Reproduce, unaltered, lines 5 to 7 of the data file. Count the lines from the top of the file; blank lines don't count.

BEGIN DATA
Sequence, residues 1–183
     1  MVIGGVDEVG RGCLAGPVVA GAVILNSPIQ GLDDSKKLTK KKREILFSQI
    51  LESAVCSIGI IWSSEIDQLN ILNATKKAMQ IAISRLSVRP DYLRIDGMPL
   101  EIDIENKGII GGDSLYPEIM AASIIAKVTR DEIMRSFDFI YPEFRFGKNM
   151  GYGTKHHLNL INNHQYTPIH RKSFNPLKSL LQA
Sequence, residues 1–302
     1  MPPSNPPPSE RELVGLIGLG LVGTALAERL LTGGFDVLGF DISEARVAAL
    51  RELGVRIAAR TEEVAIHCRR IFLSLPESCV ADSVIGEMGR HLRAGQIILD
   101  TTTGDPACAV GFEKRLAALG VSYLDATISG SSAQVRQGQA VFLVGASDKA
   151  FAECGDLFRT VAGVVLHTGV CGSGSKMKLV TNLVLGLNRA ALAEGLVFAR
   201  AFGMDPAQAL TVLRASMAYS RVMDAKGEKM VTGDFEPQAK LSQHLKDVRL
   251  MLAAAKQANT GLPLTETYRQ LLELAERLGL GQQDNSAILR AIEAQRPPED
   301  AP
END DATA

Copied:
   151  GYGTKHHLNL INNHQYTPIH RKSFNPLKSL LQA
Sequence, residues 1–302
     1  MPPSNPPPSE RELVGLIGLG LVGTALAERL LTGGFDVLGF DISEARVAAL